While AR-15 is used as an umbrella term today to denote semi-automatic firearms in this platform, the term is technically still trademarked by Colt, and the company manufactures the Colt AR-15. The accurate terminology for semi-automatic rifles from all other manufacturers is either AR-style or AR-15 style.
How Many Different Types Of AR-15 Style Rifles Exist?
The short answer is hundreds. The patent that Colt had on the AR-15 expired in 1977, which left other manufacturers free to design their own versions and styles. Today, there are estimated 500 manufacturers producing their own AR-style rifles, including models that are chambered in calibers other than the original .223/5.56 NATO.
What Are The Different Parts Of An AR-15?
The parts of an AR-15 can be grouped into two main categories: the upper receiver group and lower receiver group. These groups each contain multiple parts.
Upper Receiver Group
In addition to the upper receiver, this group contains the bolt carrier group, handguard, barrel, and charging handle, along with other components. The upper receiver group is attached to the lower receiver to form a fully functional AR-15.
The upper receiver group contains:
- Upper receiver: Contains the charging handle and bolt carrier group and attaches to the barrel and forend.
- Bolt carrier group: Contains the firing pin, cam pin, bolt, extractor, and gas key. This group is responsible for loading, firing, and ejecting rounds.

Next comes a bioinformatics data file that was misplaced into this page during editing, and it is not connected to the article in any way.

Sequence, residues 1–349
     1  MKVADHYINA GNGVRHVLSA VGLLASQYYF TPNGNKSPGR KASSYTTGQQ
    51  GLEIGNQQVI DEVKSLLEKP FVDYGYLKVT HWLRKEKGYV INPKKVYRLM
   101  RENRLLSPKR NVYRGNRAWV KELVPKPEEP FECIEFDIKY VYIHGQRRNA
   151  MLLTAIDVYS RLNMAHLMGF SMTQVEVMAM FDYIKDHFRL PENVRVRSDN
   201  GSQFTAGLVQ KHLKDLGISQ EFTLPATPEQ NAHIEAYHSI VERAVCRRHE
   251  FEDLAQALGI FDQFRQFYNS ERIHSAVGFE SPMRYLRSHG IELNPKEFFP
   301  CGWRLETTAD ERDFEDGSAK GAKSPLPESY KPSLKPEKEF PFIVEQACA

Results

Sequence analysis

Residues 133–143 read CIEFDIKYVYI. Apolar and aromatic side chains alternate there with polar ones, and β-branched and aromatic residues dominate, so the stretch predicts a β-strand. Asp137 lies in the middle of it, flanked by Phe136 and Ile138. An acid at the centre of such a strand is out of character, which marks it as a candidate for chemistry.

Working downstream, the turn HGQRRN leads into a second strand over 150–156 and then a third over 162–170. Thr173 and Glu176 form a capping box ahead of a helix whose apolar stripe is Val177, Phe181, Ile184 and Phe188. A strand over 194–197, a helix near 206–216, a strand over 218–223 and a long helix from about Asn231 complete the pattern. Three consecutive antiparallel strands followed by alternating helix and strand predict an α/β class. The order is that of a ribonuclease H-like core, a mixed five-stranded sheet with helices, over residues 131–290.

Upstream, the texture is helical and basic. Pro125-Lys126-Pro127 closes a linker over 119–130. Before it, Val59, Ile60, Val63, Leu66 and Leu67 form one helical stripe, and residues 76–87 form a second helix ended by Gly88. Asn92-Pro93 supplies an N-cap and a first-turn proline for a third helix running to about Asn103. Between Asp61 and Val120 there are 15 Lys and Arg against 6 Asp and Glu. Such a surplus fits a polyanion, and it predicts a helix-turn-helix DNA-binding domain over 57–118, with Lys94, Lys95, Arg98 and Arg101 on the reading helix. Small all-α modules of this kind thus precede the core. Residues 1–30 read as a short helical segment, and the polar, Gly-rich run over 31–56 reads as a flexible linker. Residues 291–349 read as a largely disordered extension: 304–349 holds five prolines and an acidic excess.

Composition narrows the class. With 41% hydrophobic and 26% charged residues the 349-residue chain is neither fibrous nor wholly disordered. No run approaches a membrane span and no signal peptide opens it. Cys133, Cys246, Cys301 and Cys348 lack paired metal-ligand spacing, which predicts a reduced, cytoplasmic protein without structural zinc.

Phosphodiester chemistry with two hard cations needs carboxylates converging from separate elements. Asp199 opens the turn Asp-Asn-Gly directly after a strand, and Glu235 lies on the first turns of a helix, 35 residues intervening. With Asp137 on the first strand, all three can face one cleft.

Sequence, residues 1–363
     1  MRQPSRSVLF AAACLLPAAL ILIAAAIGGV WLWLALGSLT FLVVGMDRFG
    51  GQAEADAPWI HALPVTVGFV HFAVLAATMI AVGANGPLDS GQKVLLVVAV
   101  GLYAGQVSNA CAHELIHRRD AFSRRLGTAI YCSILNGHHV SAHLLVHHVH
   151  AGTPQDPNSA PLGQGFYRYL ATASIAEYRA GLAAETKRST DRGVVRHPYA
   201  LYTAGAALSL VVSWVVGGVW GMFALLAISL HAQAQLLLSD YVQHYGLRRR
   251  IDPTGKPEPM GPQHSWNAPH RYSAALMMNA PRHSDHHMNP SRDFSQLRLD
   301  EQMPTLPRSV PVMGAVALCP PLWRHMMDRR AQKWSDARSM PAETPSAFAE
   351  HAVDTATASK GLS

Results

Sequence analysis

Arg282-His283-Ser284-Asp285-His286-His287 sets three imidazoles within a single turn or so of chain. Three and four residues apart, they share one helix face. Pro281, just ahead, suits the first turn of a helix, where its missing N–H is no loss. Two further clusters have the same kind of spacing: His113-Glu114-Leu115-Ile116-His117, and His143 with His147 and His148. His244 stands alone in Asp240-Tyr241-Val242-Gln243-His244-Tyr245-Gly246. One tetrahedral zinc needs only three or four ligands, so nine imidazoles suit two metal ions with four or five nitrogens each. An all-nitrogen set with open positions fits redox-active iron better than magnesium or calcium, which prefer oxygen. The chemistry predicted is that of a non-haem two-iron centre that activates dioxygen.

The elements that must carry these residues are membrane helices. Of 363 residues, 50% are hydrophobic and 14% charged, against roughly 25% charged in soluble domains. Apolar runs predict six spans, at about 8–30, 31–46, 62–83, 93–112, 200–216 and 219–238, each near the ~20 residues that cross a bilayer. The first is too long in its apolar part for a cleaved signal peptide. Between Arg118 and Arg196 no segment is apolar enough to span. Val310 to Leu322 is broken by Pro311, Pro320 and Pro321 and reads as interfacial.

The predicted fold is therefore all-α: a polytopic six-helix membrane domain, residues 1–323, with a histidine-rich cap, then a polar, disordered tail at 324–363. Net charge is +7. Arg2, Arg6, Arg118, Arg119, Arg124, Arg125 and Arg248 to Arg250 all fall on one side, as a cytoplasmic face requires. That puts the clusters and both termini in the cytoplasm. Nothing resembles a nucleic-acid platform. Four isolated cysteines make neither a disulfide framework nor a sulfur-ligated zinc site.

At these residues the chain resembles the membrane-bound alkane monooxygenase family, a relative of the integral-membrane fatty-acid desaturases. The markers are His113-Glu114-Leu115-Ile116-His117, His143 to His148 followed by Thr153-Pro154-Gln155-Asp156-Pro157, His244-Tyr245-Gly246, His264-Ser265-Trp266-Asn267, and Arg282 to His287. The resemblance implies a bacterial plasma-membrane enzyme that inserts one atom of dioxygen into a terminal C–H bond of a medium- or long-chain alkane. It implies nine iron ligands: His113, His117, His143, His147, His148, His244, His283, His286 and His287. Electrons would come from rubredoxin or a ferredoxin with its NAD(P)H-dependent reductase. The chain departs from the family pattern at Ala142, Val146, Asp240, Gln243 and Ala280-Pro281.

- Handguard or rail system: Protects your hands from the heat of the rifle.
- Barrel: Comes in many different lengths. Generally, a longer barrel provides more velocity, which can aid in accuracy, while a shorter one allows for better mobility.
- Charging handle: When you need to chamber a round or clear a misfeed, the charging handle pulls the bolt carrier group back, allowing you to release a faulty round and reload. On an AR-15, this part is non-reciprocating.
- Gas block and gas tube: After a round is fired, gas moves behind the bullet down the barrel, and some of it passes through the gas port (a hole drilled in the barrel), passes through the gas block, and then down the gas tube, being directed into the gas key (part of the bolt carrier group). The pressure from the gas moves the bolt carrier group rearward into the buffer tube. The spent casing is extracted from the chamber and ejected, and a new round is chambered.